CRITICAL LOADS FOR INORGANIC NITROGEN
DEPOSITION IN THE COLORADO FRONT RANGE, USA
Mark W Williams
Department of Geography and
Institute of Arctic and Alpine Research
University of Colorado, Boulder
Air Resources Division
National Park Service
We suggest an empirical approach for determining critical loads
for inorganic N deposition in wetfall to the central Rocky Mountains.
We define "critical loads" as a deposition amount above which
natural resources can be negatively affected.
The arithmetic average from 1992 to 1996 of annual inorganic N
deposition in wetfall at the eight NADP sites located
than 2,500\|m in the central Rocky
Mountains ranged from
2.5 to 3.5\|@kghayr@.
In contrast, inorganic N deposition was less than
2.5\|@kghayr@ at all 23 NADP sites
less than 2,500\|m in elevation.
At the Niwot Ridge NADP site in the Colorado Front Range,
a simple linear regression of inorganic N in wetfall
with time shows a
significant increase in deposition of inorganic N in wetfall at
the rate of
(@r2@ = 0.62; p < 0.001, n = 13).
the increasing amount of inorganic N in wetfall
is causing episodic acidification in headwater catchments
of the Green Lakes Valley in the Colorado Front Range,
with acid neutralizing capacity (ANC) values below 0\|@mueq@ in surface
waters during snowmelt runoff at 9-ha and 42-ha sampling sites.
At present rates of ANC decrease,
we can expect the 9-ha and 42-ha sites to become
chronically acidified within the next decade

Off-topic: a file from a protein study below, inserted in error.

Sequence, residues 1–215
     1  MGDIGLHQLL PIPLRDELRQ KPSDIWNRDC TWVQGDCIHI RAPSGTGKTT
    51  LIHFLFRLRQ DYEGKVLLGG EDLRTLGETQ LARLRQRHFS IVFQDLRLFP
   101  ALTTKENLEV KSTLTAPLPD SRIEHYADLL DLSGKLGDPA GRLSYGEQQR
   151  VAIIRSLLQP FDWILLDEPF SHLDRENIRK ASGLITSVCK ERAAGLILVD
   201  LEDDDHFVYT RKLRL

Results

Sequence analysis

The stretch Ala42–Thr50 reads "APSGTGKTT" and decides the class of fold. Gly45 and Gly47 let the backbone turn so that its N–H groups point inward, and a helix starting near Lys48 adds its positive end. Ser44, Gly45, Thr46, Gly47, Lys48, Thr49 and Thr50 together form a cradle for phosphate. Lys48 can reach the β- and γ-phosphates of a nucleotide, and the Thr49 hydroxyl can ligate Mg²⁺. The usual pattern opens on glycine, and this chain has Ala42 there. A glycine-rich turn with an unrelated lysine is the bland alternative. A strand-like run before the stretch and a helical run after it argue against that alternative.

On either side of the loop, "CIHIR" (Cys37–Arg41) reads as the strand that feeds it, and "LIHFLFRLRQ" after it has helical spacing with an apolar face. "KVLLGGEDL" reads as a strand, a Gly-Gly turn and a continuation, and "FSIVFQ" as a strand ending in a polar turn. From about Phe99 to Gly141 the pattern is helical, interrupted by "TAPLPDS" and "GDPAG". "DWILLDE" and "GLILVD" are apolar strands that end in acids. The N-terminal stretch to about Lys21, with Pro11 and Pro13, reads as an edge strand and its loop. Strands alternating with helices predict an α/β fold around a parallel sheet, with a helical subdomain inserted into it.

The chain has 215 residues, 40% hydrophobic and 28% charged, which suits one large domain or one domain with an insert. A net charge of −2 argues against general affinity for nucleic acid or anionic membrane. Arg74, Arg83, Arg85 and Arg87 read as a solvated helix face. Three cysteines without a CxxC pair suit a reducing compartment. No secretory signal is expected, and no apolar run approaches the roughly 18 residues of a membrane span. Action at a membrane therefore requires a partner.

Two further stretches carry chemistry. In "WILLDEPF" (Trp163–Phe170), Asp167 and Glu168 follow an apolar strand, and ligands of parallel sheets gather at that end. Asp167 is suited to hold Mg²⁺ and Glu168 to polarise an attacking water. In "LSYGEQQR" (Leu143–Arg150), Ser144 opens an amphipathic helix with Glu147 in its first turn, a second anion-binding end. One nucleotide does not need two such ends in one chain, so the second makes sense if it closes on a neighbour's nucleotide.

and the 220-ha basin of Green Lake 4 to become
A synoptic survey in 1995 of 91 high-elevation lakes in the central Rocky
Mountains suggests that water quality is being affected by inorganic N in wetfall
throughout the region.
Federal land managers are required to "err on the side of protection" when
assessing the amount of deposition that will alter ecosystem processes.
However, given the political and economic ramifications of policy decisions,
land managers are aware of the need to provide a scientific basis for these
decisions and to balance conflicting needs.
To achieve this balance and to
allow for natural resource protection, we make a conservative
that critical loads of inorganic N in wetfall to Class 1 areas in in the central
Rocky Mountains be set at 4\|@kghayr@.
Target loads my be set at lower levels of
inorganic N deposition in wetfall
to allow a margin of safety to protect extremely sensitive natural